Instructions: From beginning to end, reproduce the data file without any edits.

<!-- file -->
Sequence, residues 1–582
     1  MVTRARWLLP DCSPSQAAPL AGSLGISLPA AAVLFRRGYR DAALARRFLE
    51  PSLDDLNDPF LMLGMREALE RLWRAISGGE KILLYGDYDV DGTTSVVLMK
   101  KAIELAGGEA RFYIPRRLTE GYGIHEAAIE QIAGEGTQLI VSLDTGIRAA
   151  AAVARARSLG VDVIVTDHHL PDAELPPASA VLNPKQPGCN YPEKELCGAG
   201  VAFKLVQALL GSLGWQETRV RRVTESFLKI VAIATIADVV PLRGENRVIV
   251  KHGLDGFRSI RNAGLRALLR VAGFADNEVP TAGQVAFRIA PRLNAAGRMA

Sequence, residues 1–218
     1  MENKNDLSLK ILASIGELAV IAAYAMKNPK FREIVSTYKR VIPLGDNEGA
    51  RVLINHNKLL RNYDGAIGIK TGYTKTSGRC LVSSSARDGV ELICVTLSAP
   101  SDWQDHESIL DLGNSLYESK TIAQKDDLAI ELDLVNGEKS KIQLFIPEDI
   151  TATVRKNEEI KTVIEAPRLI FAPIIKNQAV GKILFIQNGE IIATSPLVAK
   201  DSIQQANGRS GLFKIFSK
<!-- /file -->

Sequence, residues 1–582
     1  MVTRARWLLP DCSPSQAAPL AGSLGISLPA AAVLFRRGYR DAALARRFLE
    51  PSLDDLNDPF LMLGMREALE RLWRAISGGE KILLYGDYDV DGTTSVVLMK
   101  KAIELAGGEA RFYIPRRLTE GYGIHEAAIE QIAGEGTQLI VSLDTGIRAA
   151  AAVARARSLG VDVIVTDHHL PDAELPPASA VLNPKQPGCN YPEKELCGAG
   201  VAFKLVQALL GSLGWQETRV RRVTESFLKI VAIATIADVV PLRGENRVIV
   251  KHGLDGFRSI RNAGLRALLR VAGFADNEVP TAGQVAFRIA PRLNAAGRMA

Sequence, residues 1–218
     1  MENKNDLSLK ILASIGELAV IAAYAMKNPK FREIVSTYKR VIPLGDNEGA
    51  RVLINHNKLL RNYDGAIGIK TGYTKTSGRC LVSSSARDGV ELICVTLSAP
   101  SDWQDHESIL DLGNSLYESK TIAQKDDLAI ELDLVNGEKS KIQLFIPEDI
   151  TATVRKNEEI KTVIEAPRLI FAPIIKNQAV GKILFIQNGE IIATSPLVAK
   201  DSIQQANGRS GLFKIFSK